The original is so, so overlong, essentially a surreptitious build-up to an event that would save a guy who would be an annoying, underdeveloped deus ex machina at the very end of The Dark Tower saga. But it established some compelling interdimensional elements that (a) had never appeared in other King novels, and (b) perfectly jibed with the overall Kingverse. Why not put the mythology and even the characters — a well-written, likable pair of geriatrics who eventually fall in love — back to work? My crystal ball is unsure what the plot would entail, but it wouldn’t be the best idea to do a 180 and call it Narcolepsy.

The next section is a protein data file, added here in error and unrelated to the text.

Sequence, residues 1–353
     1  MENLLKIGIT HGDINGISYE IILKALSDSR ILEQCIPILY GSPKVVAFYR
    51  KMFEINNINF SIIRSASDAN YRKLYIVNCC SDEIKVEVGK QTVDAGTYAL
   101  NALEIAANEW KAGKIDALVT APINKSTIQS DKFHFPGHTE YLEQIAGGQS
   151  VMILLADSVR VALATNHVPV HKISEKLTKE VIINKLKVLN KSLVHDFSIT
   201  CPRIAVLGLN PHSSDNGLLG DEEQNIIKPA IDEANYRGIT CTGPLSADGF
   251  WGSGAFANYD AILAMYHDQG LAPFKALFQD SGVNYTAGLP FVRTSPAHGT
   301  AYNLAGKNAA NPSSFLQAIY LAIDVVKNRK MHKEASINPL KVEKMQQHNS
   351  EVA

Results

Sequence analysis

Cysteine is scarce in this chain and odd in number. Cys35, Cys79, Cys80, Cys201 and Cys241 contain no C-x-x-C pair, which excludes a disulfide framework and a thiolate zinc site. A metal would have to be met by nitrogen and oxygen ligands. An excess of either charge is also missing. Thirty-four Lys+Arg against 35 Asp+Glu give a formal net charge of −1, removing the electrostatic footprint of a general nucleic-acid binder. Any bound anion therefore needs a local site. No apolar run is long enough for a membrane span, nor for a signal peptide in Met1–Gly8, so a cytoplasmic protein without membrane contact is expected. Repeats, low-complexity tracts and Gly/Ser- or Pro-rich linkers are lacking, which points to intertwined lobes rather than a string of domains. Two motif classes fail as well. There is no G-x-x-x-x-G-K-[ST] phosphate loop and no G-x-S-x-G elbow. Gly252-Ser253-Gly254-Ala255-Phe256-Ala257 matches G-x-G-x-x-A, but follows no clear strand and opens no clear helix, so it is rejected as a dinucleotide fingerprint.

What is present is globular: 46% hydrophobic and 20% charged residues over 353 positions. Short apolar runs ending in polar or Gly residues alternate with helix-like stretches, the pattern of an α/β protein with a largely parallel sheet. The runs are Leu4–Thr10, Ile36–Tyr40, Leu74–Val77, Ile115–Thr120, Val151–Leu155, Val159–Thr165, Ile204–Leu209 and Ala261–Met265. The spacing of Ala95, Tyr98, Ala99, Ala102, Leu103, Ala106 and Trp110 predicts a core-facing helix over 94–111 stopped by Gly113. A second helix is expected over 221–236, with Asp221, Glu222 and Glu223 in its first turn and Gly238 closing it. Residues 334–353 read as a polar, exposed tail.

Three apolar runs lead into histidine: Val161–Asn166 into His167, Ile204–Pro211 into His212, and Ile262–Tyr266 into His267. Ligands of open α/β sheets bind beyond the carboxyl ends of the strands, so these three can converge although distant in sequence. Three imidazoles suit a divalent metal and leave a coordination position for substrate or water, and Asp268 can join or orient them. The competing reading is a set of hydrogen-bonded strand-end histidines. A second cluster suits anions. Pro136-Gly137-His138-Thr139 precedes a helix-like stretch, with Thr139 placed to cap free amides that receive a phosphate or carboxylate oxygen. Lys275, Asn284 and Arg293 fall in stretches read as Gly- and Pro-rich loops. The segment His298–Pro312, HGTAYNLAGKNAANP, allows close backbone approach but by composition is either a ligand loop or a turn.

You didn’t think I’d beg for an It sequel and leave out King’s other 1,000-page early-phase opus, did you? The one that happens to be his best book? Nah, you didn’t. So what we need here is an offshoot in the postapocalyptic world; any genre, any kind of story. Don’t care who it’s about, won’t even care if the Walkin’ Dude stays MIA. What if this one is set hundreds of years later, same wrecked world, and the events and characters of The Stand are now warped legends, like in the Sonmi-451 and Zachry parts of Cloud Atlas? What if Captain Trips comes back? What if the same nationwide “good vs. evil goes nuclear” plot played out in all the world’s major nations; what would come next? What if the sequel to The Stand is just a flashback to Mother Abigail, pre-plague, making cornbread in Hemingford Home, Nebraska?
Filed Under: Books, Stephen King